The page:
Park Hill Theatre

3406 J.F. Kennedy Boulevard,
North Little Rock, AR 72116

Unfavorite No one has favorited this theater yet

Additional Info

Previously operated by: Malco Theatres Inc.

Architects: Edward F. Brueggeman, Guy W. Swaim

Firms: Brueggeman, Swaim & Allen

Styles: Streamline Moderne

Nearby Theaters

Park Hill Theatre

The Park Hill Theatre opened for the Malco chain on March 30, 1941, with a seating capacity for 650, all on a single sloping floor. The address given in the 1950 edition of Film Daily Yearbook is ‘406 Ark.-Mo Highway, Park Hill, North Little Rock’. The road today has been re-named John F. Kennedy Boulevard.

Contributed by Ken Roe

Recent comments (view all 5 comments)

AndyT on July 12, 2009 at 1:22 pm

Ken, as usual your guesses are spot on: Park Hill Theatre in the “Historic Park Hill” neighborhood and JFK Blvd. It’s hard to tell by what is there today whether it was razed or renovated into a separate piece of a small strip mall. Whatever happened was done in the early 2000s.

Joe Vogel
Joe Vogel on July 12, 2009 at 5:10 pm

Boxoffice Magazine of January 25, 1941, said that Malco had announced a tentative opening date of March 1 for their new Park Hill Theatre. It was Malco’s third house in North Little Rock.

This web page has a photo of the nondescript strip mall which had replaced the historic theater by 2004.

Joe Vogel
Joe Vogel on April 22, 2014 at 12:59 pm

The house on Akansas-Missouri Highway was definitely the Park Hill Theatre, and opened in 1940. The theater was located in what is now the 3400 block of Kennedy Boulevard according to a document about the Park Hill district from the Arkansas Historic Preservation Program (PDF here.) This is what the document says about the theater:

“The Park Hill Theater and Community Center in the 3400 block of John F. Kennedy Blvd. (formerly the Arkansas Missouri Highway) was constructed in 1939-1940 and was another design by architects Brueggeman, Swaim and Allen. The complex, often referred to as North Little Rock’s first multiple-store complex, originally housed a drug store, grocery, post office and movie theater. Edward F. Brueggeman headed this local architectural firm, which was responsible for the design of some of the most notable buildings in Park Hill. The firm was best known for its designs for Malco theater buildings nationwide in the 1930s.”
The October 24, 1940, issue of The Film Daily had this announcement about the Park Hill Theatre:
“New Malco House Seats 750

“North Little Rock, Ark.— Malco’s new community theater, which will be constructed at Arkansas-Missouri Highway and D St. in Park Hill, will have a seating capacity of 750 and will be of stadium-type design. Work on the new house is expected to start construction is expected to start soon, M. S. McCord, general manager of the Malco Realty Corp., announces here.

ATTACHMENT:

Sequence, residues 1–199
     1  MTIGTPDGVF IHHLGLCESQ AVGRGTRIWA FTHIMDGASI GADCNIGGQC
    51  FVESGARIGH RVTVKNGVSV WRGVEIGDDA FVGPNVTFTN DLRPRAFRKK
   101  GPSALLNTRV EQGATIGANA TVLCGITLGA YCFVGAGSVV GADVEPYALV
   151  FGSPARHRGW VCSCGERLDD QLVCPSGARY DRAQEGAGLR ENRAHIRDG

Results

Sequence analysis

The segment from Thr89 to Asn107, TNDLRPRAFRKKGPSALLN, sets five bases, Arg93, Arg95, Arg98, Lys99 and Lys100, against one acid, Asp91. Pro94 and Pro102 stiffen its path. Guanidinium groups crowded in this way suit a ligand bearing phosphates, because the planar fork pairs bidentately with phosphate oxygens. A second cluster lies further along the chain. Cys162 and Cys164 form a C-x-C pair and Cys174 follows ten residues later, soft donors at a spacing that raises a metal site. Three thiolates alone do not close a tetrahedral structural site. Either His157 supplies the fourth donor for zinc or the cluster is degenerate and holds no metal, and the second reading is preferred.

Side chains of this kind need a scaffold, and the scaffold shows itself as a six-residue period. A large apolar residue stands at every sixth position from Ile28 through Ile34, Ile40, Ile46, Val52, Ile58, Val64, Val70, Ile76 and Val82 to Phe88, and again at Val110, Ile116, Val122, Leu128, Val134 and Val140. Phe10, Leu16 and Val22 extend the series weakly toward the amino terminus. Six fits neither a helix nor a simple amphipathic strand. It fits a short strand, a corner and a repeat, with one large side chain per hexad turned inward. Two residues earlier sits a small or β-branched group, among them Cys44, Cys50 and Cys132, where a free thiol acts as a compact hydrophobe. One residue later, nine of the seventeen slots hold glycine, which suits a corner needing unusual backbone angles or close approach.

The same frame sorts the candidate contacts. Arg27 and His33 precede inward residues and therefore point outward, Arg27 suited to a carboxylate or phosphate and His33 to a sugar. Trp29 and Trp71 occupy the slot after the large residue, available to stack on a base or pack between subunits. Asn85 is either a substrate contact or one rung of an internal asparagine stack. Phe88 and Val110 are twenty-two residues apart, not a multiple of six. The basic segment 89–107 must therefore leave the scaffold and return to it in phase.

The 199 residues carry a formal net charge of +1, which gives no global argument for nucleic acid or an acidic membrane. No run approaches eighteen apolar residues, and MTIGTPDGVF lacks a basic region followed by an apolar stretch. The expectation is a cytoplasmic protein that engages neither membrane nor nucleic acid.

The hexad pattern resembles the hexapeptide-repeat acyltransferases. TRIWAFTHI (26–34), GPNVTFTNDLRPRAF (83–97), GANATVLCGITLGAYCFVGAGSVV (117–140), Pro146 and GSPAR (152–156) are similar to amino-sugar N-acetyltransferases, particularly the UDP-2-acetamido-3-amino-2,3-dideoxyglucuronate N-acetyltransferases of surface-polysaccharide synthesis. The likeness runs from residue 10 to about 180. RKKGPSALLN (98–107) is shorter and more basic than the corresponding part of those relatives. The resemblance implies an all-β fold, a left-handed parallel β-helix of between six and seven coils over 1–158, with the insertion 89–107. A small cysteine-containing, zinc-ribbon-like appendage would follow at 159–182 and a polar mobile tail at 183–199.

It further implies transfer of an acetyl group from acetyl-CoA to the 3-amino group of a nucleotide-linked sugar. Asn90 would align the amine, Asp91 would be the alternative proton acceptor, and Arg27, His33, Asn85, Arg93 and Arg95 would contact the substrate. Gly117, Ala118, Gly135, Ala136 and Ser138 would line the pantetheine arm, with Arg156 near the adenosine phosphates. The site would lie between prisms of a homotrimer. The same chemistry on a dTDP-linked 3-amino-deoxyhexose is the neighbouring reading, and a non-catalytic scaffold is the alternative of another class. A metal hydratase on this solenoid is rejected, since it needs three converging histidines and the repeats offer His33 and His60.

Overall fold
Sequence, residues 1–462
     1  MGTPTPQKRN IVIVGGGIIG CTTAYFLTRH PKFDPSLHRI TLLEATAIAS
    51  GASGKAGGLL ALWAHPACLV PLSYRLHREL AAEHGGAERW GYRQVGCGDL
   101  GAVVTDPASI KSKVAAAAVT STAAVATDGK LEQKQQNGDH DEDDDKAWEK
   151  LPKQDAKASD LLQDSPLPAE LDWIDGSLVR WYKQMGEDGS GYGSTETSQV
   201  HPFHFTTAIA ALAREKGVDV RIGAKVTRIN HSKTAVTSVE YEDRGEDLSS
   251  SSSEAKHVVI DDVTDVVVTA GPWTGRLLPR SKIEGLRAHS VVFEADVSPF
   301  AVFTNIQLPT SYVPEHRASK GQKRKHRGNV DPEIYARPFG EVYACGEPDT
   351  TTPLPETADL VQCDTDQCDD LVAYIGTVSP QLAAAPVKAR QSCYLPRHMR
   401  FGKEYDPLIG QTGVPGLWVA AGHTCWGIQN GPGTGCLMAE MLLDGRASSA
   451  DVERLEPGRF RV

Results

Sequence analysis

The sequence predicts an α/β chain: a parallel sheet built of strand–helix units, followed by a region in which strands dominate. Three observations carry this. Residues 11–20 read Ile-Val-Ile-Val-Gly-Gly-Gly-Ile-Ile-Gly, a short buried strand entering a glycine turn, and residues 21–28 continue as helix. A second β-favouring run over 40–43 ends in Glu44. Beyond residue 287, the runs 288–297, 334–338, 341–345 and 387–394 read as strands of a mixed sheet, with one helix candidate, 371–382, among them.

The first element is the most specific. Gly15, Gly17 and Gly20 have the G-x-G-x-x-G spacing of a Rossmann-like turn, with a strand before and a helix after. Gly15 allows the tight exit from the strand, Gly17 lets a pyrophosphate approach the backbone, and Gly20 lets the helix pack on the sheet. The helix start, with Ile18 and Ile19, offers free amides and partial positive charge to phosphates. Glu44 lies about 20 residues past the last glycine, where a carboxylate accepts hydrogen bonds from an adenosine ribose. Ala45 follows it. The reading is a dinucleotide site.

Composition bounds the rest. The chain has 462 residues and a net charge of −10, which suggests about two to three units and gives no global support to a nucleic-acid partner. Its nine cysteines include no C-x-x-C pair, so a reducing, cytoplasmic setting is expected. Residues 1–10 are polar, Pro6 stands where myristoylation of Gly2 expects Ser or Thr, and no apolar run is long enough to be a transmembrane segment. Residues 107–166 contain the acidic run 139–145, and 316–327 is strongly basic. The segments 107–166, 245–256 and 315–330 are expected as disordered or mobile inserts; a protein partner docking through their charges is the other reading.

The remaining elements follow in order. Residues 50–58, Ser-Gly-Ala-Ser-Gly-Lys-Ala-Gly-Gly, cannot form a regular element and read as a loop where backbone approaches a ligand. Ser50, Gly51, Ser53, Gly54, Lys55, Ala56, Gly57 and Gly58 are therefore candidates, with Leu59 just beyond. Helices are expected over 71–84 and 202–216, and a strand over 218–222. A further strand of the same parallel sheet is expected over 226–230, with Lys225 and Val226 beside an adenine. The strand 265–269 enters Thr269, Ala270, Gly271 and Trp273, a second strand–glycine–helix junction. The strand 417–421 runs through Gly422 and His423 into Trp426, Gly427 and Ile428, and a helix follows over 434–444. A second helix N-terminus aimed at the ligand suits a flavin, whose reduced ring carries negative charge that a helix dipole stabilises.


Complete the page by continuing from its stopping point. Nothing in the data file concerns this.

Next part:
“The structure will contain a modern theater with a seating capacity of 750 persons, three stores 25 ft. in width each and one 40 ft. in width. Malco Theaters, Inc., which operates the Rialto and Princess Theaters in North Little Rock, has leased the building.

“The theater will be of stadium-type design and will have a small stage. Interior of the structure will be finished in ornamental plaster and treated for proper acoustics. The projection booth will be installed against the front, behind the loges.

“A parkway with trees and shrubbery will be in front of the building. Ample parking space will be provided on the premises. Space at one end of the parkway will be reserved for erection of a service station.

“Store fronts will be of plate and structural glass designed to suit the needs of tenants and in keeping with the general design.”

The “D St.” mentioned in the article is actually called D Avenue, and is the beginning of the 3400 block of Kennedy Boulevard.

If there was also a house called the Park Theatre in North Little Rock, it had to have been the theater on Main Street, not the one on Arkansas-Missouri Highway/Kennedy Boulevard, and the address 406 might have belonged to it. The 400 block of Main Street is in the old commercial district of the town, and would have been a block or two from the Rialto and Liberty Theatres. We don’t have the Princess Theatre listed, but I would imagine it was in the same area.

Joe Vogel
Joe Vogel on April 22, 2014 at 8:35 pm

The Park Hill Theatre actually opened on March 30, 1941, according to the April 11 issue of The Film Daily.

jamestv on June 24, 2014 at 1:06 pm

In the mid 1960’s, there were only two theatres and a drive-in open in North Little Rock—-the Rialto, Park and Twin City Drive-in. The Rialto on Main Street later became a radio station, The Park became a retail store(a women’s apparel store as I remember) and the Twin City was torn down.

You must login before making a comment.

New Comment

Subscribe Want to be emailed when a new comment is posted about this theater?
Just login to your account and subscribe to this theater.